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Windows 7 Security Tips: Making Windows 7 Even More Secure

written by: M.S. Smith•edited by: Brian Nelson•updated: 5/19/2011

Windows 7 is an excellent operating system with great security, but there are a few extra steps which can be taken to maximize security. This article provides four simple tips which will allow any user to make Windows 7 more secure.

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    Windows 7 Security Tips

    Microsoft Windows 7 is the most secure Microsoft operating system to date. Major improvements have been made to ensure that users using Windows 7 are more secure than users of any other Microsoft operating system.

    However, there are still extra steps that you can take in order to improve the security of your computer. These measures are simple, but they can make a big difference in the security of your system.

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    Tip #1 - Disable Autoplay

    Windows 7 Security Tips If you have ever plugged in a USB drive or inserted a DVD you probably noticed that the media you connect usually plays automatically. This is a very nice feature which removes one extra step required in order to start watching a movie or playing a game. However, this seemingly innocent behavior can also be a security risk.

    The problem is simple: autoplay can be hijacked, allowing malicious software the chance to automatically be activated without the user's knowledge. Once this has occurred, stopping the malicious software is entirely the job of your antivirus program - if your antivirus program isn't up to the task your computer can be damaged very quickly. According to Bitdefender, a leading antivirus company, over five percent of malicious programs hijack autoplay in order to facilitate infection.

    To protect your computer, you need to disable autoplay. This can be done by navigating to your Control Panel > Hardware and Sound > Autoplay menu. There is a checkbox at the top of the menu labeled Use Autoplay for all media devices. Unchecking this box will disable autoplay, preventing this vulnerability for being a problem on your computer.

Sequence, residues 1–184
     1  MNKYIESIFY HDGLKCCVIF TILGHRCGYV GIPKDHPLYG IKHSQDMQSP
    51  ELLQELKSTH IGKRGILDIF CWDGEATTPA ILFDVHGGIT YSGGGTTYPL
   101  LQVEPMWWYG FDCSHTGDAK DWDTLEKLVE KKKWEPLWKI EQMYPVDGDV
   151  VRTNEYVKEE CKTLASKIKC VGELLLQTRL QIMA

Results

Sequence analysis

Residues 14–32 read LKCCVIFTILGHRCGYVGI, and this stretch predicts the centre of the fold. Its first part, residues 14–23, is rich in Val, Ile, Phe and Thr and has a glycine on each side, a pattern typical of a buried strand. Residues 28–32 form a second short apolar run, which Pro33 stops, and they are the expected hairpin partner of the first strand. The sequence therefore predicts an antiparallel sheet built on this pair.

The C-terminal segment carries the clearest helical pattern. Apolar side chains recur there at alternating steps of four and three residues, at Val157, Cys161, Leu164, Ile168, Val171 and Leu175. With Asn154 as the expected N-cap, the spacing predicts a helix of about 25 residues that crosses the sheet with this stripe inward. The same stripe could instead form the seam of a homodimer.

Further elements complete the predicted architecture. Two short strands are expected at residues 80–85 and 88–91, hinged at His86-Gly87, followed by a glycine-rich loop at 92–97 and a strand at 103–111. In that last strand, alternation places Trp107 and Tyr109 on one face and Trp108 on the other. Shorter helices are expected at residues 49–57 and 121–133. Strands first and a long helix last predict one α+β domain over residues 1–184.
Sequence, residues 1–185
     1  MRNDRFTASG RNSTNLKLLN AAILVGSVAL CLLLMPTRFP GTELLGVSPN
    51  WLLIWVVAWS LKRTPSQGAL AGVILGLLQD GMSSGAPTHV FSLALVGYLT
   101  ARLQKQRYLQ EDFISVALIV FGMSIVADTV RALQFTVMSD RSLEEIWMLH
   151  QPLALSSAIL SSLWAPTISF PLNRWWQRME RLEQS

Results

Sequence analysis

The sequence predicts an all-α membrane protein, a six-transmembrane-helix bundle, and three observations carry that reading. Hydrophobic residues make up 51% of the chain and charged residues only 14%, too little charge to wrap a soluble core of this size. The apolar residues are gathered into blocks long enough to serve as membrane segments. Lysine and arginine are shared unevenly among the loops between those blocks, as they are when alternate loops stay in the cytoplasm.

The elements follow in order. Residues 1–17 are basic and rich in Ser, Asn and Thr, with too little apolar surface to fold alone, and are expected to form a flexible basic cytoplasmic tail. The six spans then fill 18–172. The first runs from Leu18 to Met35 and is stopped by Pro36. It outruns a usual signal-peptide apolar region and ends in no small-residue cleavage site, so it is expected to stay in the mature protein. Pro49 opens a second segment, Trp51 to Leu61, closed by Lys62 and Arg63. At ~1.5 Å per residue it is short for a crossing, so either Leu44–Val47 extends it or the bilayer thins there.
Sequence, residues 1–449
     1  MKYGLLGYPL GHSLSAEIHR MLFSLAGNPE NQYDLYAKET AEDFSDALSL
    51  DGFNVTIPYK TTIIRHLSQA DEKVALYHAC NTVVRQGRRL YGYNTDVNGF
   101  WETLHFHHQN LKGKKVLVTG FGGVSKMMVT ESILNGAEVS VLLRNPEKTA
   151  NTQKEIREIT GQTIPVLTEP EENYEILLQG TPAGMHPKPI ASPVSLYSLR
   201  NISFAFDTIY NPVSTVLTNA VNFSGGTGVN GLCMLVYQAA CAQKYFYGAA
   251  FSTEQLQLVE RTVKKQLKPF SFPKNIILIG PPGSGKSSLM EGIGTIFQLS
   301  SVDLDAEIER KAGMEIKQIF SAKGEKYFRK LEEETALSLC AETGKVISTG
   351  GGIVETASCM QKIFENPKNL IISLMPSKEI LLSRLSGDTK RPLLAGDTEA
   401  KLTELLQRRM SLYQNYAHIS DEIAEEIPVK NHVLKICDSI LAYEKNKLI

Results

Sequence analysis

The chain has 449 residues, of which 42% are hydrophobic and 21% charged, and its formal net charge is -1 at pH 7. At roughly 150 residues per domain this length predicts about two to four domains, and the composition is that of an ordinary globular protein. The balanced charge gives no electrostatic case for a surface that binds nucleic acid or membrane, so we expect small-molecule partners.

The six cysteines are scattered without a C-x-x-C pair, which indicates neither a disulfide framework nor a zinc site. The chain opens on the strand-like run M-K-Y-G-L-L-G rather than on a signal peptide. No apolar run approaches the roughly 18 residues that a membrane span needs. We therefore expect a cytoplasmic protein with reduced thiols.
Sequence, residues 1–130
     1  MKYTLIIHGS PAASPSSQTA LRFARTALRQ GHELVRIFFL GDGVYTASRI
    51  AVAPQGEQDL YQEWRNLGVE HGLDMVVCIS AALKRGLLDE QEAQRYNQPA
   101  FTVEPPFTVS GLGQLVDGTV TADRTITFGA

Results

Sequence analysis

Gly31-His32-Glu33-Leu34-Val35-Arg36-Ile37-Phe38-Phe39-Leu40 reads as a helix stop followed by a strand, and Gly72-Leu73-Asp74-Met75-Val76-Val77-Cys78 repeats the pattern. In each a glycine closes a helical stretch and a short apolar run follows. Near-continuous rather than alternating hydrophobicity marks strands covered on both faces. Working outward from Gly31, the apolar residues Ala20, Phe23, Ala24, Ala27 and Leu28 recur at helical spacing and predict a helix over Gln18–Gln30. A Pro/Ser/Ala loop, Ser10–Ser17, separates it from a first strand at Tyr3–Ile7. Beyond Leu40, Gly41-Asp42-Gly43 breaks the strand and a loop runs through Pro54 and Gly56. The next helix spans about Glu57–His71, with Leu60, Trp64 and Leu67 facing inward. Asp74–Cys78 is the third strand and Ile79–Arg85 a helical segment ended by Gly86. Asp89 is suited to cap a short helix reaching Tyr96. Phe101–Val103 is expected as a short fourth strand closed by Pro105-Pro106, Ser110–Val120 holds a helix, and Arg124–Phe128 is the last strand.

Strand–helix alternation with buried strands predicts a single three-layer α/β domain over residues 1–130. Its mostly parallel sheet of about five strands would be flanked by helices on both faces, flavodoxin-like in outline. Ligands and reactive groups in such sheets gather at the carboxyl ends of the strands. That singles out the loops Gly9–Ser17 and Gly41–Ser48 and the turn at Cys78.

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    Tip #2 - Increase UAC Protection

    Many users of Windows Vista complained about User Account Control, the new Vista feature which frequently prompted Vista users to confirm changes made to their settings or that a program had the right to access certain Windows settings. These complaints were ironic because UAC was in fact included in direct response to complaints at the security of Microsoft Windows. Annoying though it may be, UAC is a wonderful feature from the standpoint of Windows 7 security.

    However, in order to appease users the settings of UAC were toned down in Windows 7. The default UAC setting in Windows 7 only prompts the user when a program tries to make changes to a computer, but doesn't prompt when the user make changes. This leaves open a vulnerability which malware can exploit to give itself administrative privileges or makes changes to your computer, such as replacing or modifying shortcuts so that they launch malware.